Bloomberg News

Khodorkovsky: Russia Discredited by Punk Girls Trial

August 06, 2012

Jailed oil tycoon Mikhail Khodorkovsky said the trial and detention conditions of three members of a Russian all-female punk group facing a possible seven-year jail term are degrading and may amount to torture.

“I am very ashamed and hurt,” Khodorkovsky said in a letter published on his website today. “And not because of these girls -- the mistakes of youthful radicalism can be forgiven -- but for the state, which is profaning our Russia with its complete and utter lack of conscience.”

Members of the Pussy Riot band are on trial for hooliganism and inciting religious hatred after performing what they called a “punk prayer” in February inside Moscow’s Christ the Savior cathedral, the country’s main Christian Orthodox place of worship, targeting Vladimir Putin, who extended his 12-year rule in presidential elections in March.

Khodorkovsky, the former billionaire owner of Yukos Oil Co., says he was targeted by Putin for financing opposition parties, an accusation the Kremlin denies. Imprisoned for 13 years on charges of tax evasion, fraud and money-laundering, he received a second conviction with his business partner Platon Lebedev in December 2010 in the same courthouse where the Pussy Riot trial started last week.

‘Middle Ages’

“The word ‘trial’ is applicable here only in the sense in which it was used by the Inquisitors of the Middle Ages,” Khodorkovsky said in the letter about legal action against Pussy Riot written from a prison colony in the northern Karelia region town of Segezha. “We have been deprived of an honest and independent judiciary, of the opportunity to defend ourselves and to protect people from lawlessness.”

While it’s “customary” for defendants to remain silent about the conditions of their imprisonment, “the judge, of course, knows about this regime,” Khodorkovsky said. “Torture, perhaps?”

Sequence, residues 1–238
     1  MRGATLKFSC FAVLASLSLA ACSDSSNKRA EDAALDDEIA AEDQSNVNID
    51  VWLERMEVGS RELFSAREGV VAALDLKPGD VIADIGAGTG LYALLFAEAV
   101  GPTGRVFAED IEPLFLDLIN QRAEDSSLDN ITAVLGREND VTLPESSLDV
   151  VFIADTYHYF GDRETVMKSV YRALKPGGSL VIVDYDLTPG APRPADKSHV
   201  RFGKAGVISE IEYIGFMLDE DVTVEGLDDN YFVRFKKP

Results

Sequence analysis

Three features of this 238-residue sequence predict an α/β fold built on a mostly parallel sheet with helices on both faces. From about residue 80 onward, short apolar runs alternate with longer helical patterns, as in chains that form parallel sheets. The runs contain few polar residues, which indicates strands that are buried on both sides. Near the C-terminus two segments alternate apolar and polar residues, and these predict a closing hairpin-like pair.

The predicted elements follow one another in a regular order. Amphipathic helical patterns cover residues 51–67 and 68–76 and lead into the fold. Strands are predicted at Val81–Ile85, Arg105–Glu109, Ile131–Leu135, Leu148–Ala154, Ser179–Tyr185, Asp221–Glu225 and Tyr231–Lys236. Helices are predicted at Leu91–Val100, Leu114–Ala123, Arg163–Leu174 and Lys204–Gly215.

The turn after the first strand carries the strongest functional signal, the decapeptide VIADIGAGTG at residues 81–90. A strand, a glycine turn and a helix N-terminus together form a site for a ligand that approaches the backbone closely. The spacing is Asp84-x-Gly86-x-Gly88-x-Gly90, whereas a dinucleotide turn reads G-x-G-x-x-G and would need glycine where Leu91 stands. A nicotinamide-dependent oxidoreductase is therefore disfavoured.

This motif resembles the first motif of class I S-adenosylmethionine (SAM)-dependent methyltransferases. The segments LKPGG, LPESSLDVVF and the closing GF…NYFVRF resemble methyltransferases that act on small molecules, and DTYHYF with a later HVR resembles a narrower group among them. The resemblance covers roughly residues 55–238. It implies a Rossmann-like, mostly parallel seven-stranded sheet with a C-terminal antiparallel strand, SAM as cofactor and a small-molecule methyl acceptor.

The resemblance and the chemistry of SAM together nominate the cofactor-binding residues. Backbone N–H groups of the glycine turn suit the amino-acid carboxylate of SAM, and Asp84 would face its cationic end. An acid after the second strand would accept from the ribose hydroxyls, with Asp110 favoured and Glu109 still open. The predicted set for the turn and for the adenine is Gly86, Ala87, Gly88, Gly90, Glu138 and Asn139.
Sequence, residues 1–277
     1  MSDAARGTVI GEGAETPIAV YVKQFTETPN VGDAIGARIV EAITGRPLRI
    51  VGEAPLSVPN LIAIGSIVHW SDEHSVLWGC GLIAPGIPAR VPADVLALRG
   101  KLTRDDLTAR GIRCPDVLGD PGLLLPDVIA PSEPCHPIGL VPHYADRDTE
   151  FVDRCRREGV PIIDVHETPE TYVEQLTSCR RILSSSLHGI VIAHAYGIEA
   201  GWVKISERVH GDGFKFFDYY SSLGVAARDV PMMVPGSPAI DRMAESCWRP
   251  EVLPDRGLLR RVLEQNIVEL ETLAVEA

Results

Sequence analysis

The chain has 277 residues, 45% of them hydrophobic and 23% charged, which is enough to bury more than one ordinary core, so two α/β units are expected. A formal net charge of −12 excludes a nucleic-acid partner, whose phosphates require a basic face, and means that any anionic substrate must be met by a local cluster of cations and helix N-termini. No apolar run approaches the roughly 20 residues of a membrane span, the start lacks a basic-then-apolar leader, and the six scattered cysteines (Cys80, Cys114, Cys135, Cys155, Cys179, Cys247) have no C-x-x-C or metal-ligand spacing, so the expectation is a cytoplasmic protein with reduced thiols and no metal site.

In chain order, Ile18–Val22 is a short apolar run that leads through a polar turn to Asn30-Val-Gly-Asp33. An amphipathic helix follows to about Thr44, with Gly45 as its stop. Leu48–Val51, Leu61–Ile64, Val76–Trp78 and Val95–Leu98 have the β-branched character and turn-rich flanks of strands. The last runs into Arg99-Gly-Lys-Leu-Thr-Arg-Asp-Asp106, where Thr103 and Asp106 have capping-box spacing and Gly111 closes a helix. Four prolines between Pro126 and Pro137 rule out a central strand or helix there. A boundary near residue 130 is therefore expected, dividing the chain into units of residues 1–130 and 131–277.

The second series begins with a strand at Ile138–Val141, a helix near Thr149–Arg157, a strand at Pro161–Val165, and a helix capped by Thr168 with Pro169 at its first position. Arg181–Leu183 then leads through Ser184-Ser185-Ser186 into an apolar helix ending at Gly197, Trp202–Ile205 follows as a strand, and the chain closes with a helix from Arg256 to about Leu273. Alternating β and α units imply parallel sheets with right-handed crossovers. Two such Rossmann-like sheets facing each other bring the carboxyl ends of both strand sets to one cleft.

Maria Alekhina, 24, Ekaterina Samutsevich, 29, and Nadezhda Tolokonnikova, 22, called for medical help at Moscow’s Khamovniki District Court last week after complaining about the conditions of the proceedings against them. They are woken at 5 a.m. and return to jail after midnight, depriving them of sleep and any prison meals. They are kept in a glass cage in the courtroom.

‘Tropical Fish’

“In the summer you feel like a tropical fish in that glass cage,” Khodorkovsky said. “It was hard for me and Platon -- two people -- to be in the aquarium together the whole day. I cannot even imagine how all three of those poor girls manage to fit in there at once.”

Khodorkovsky, whose case has become a symbol for concerns about the rule of law in Russia for investors, cited his own experience in describing the “ignominy” of confinement in an airless glass and steel box and being subjected to at least four body searches a day, including two daily procedures in prison in which defendants are forced to strip naked.

The accused are offered a packed dry lunch during recess in court -- “dry noodles, dry porridge,” he said. “I stopped eating in the second week of the trial: it was better to survive through the whole day on just water alone.”

Amnesty International has declared the punk band members prisoners of conscience and music stars including Madonna, Peter Gabriel and Sting have rallied to their defense. The defendants, who have been ordered to be held in pre-trial detention until January, rejected criminal charges of hooliganism at the start of their trial on July 30. They argued that their case should be treated as an administrative violation, while apologizing for upsetting religious sensibilities.

Well Enough

After ambulances were called for the three band members on Aug. 1, the Pussy Riot trial resumed as doctors determined the defendants are well enough for the proceedings, RIA Novosti cited Darya Lyakh, a spokeswoman for Moscow’s Khamovniki District Court, as saying.

Russians must confront the “ignominy of a great country, a country of world famous humanists and scientists, turning headlong into a backward Asiatic province,” Khodorkovsky said, urging people to send “words of hope” to the defendants.

The U.S. government on July 31 condemned the prosecution of the punk bank and charges against Russian anti-corruption activist Alexey Navalny. Navalny faces as many as 10 years in jail after being charged last week with embezzling money from a state timber company, marking an escalation in Putin’s crackdown on the biggest unrest of his 12-year rule.

“These are not signs supporting those that hope for change in the new era of Putin,” Jim O’Neill, chairman of Goldman Sachs Asset Management who coined the BRICs acronym to describe large emerging markets, said in an e-mailed note today. “For a country with an average GDP per capita of around $15,000, these are issues that should be diminishing.”

To contact the reporter on this story: Ilya Arkhipov in Moscow at iarkhipov@bloomberg.net

To contact the editor responsible for this story: Balazs Penz at bpenz@bloomberg.net


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